By Danielle Paige


Amy Gumm is the other girl from Kansas. She never asked to be whisked away by a tornado and end up on the Yellow Brick road, and yet here she is. But this is not the Oz she read about in school; the landscape is grey, the Munchkins are enslaved and the magic is dying. What happened?

Dorothy Gale happened.

Recruited by the Revolutionary Order of the Wicked, Amy is given a mission and a purpose: kill Dorothy and bring magic back to Oz. 

This book wasn’t bad so much as forgettable. It has a Chosen One and a quest and a love interest and a fish-out-of-water story and a lady rival (two, actually), and a mentor figure who dies tragically, and a twist in the third act, and it feels like it’s ticking plot points off a list rather than telling an organic story.

The characters also feel like they’re ticking personality traits from a list rather than being actual people (Glamora is the exception to this – she was the only character who felt like she had real motivations beyond the ever-pressing presence of The Plot). Amy is your rebellious protagonist who hates everything until she doesn’t, and who goes along with The Plot because she has nothing better to do. To Paige’s credit, the antagonists were appropriately scary and creepy, but without much depth to go with it.

You can’t trust anyone because morality is ambiguous and people aren’t all good or bad (No!!! You don’t say!!! What deep themes!!!). The love interest must show interest in our protagonist but be aloof enough that their relationship can’t be defined by the end of the book. There’s a prophecy that no one bothers explaining, but Amy has to be the Chosen One because this vague prophecy that is barely even mentioned and may or may not be true says so.

The whole theme of morality felt really overdone to me, particularly because Paige keeps going back to Good and Wicked like those are all-encompassing words with no room for nuance whatsoever, and it really feels like she’s trying to make a point about relative morality – that society will ostracize people who don’t follow the rules and call them “wicked” regardless of their actual actions or goals, and that “good” people are only called that because they follow the rules of society but they can still cause a lot of harm. Good is not Nice, Evil is not Dark, and other variations of the trope. I saw Wicked too, Paige, I get it. It’s just not as groundbreaking a point as you seem to believe it is.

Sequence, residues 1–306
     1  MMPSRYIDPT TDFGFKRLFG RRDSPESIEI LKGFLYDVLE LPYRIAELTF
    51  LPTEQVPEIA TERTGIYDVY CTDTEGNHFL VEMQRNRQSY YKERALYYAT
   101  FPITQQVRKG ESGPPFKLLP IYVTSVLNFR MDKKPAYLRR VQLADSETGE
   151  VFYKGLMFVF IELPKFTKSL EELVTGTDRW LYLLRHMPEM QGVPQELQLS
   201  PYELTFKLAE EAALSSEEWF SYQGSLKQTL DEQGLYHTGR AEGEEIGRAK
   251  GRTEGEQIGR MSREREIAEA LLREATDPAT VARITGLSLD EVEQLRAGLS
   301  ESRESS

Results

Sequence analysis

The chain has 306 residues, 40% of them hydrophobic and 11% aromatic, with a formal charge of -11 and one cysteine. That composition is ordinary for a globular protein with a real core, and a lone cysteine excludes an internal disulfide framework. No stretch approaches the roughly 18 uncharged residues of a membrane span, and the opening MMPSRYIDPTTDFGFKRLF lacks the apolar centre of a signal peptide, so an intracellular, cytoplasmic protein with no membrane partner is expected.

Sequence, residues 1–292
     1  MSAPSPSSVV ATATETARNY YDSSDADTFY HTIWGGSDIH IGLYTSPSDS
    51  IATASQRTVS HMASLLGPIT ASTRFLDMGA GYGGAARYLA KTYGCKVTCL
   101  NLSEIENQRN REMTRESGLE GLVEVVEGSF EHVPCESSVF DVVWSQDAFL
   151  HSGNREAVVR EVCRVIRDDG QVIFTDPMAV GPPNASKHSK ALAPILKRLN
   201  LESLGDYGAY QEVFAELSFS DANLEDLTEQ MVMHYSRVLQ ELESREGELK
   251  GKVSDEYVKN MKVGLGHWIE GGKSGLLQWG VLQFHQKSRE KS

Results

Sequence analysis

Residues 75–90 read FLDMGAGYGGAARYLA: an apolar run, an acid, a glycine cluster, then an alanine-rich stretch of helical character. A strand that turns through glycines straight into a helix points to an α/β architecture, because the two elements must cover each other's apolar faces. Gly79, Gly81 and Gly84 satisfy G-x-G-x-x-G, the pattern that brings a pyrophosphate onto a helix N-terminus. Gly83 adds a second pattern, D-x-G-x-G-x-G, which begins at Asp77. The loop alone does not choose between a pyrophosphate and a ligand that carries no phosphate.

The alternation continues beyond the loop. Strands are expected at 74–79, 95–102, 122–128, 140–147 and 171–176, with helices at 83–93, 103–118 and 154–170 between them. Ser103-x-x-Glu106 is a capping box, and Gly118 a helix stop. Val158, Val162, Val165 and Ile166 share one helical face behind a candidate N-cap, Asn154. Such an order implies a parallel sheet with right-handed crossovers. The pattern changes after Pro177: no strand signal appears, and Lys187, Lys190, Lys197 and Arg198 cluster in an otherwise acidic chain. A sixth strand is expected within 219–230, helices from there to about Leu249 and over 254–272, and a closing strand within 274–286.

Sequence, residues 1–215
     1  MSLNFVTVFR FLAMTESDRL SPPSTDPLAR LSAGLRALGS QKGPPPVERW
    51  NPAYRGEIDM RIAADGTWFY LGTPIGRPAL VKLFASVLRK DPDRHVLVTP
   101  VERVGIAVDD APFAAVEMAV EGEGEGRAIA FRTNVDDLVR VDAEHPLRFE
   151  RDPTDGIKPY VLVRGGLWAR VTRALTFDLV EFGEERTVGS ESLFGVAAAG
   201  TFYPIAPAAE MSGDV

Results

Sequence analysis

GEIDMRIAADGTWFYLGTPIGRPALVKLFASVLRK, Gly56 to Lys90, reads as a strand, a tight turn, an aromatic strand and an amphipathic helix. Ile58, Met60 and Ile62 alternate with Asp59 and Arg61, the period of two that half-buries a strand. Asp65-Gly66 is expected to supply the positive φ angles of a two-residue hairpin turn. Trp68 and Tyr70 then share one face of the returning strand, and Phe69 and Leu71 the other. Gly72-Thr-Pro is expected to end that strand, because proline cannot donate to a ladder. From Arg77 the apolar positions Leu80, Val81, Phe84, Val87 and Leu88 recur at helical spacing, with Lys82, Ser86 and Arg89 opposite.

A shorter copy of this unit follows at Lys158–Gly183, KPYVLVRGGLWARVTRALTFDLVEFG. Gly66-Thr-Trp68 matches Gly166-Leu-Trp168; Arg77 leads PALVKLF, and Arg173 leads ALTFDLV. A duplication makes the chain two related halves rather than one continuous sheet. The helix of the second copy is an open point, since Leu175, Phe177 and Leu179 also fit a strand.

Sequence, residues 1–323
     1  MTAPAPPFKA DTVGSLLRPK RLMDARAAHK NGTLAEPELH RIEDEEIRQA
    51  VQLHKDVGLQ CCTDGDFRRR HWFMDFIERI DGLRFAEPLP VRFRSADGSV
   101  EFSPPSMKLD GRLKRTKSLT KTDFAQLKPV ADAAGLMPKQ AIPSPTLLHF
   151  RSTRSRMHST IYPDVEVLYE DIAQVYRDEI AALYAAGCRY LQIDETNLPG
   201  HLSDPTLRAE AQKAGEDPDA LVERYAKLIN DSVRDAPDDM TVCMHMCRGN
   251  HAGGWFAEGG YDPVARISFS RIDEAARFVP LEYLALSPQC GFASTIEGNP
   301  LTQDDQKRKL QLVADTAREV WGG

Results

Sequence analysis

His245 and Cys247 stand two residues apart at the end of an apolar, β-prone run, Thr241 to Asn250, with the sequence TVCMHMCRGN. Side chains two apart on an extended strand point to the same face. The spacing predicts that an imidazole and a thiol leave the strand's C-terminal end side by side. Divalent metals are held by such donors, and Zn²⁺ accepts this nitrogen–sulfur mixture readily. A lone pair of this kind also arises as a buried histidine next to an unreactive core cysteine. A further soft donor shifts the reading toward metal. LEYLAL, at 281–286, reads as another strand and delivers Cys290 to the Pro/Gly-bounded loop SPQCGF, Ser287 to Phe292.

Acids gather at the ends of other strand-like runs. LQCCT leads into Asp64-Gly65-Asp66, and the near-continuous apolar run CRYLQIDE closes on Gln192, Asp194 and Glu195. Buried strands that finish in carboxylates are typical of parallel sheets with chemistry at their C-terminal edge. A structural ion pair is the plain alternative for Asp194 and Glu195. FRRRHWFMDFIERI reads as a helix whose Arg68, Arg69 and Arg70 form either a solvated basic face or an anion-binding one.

And the shadow of Wicked really seems to hover over this book, especially in regards to the themes (those of the play more so that the book), and that’s not a good thing. This is not the first gritty re-imagining of the Wizard of Oz, and it really should have done something more to distance itself from its predecessors. Even the villains, which I praised earlier, basically feel like they stepped out of Return to Oz or the film version of The Wiz.

So sorry, Dorothy Must Die; you weren’t exactly bad, but you were derivative and not particularly engaging. Not sure if I’ll bother with the sequels.

P.S. I know this isn’t the author’s fault, but that blurb on the back cover that says Amy needs to remove the Tin Woodsman’s heart, steal the Scarecrow’s brain, etc.? The reader – and Amy – only find out this information in the last five pages of the book. Way to spoil and confuse readers, Harper.